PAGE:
Parental attachment representations and child attachment, self-concept, and adjustment in hearing families with deaf children
Patrick Brice and Talibah Buchanan

Psychology

The primary goal of the present project is to examine the relationship between attachment representations in hearing parents and development in deaf children. Adult attachment representations have been shown to be related to a variety of adjustment and mental health issues in adults, and parental attachment status has been shown to be related to child attachment status. The transmission of this attachment status is not well understand as of yet. The present investigation will continue to examine this transmission by studying hearing parents with deaf children. In addition, the relationship between parental attachment and other parent and child variables, such as self concept and behavioral adjustment will be examined. To study this issue, 30 hearing families with deaf children will be recruited. Parents will be administered the Adult Attachment Interview (AAI), as well as a demographic questionnaire that explores their involvement with their deaf child and communication approaches. Children will be given the Separation Anxiety Test to assess their attachment status, as well as the Self-Perception Profile for Children to measure self-concept. Lastly, the Child Behavior Checklist will be filled out by the parents for the deaf child.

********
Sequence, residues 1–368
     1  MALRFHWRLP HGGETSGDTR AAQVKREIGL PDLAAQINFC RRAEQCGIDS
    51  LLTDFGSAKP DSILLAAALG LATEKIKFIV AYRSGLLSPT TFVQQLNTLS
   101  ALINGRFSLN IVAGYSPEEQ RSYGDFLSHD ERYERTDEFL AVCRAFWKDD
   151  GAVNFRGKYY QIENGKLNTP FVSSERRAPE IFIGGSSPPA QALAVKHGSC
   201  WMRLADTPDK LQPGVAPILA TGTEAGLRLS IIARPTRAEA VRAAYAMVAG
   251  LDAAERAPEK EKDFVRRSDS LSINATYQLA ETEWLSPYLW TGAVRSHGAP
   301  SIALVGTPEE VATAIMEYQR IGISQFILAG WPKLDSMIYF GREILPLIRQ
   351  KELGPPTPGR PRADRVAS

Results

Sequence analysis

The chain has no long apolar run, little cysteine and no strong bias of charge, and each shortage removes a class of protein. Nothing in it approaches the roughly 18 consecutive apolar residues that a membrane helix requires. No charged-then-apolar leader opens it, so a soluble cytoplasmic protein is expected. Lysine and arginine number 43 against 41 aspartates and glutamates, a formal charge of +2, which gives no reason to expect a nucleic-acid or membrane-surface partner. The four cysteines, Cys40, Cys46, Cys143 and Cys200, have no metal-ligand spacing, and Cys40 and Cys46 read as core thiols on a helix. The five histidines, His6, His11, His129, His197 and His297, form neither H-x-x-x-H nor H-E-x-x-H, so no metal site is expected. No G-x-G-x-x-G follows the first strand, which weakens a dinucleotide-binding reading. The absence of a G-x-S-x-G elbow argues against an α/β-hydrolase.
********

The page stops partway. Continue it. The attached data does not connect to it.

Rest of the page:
The following Gallaudet priorities are addressed:
8. The family School Relationship
9. Studies of language and cultural development among deaf children


Adolescents and Cochlear Implants: Psychosocial Issues.
Irene Leigh, John Christiansen, Deborah Maxwell-McCaw

Psychology, Sociology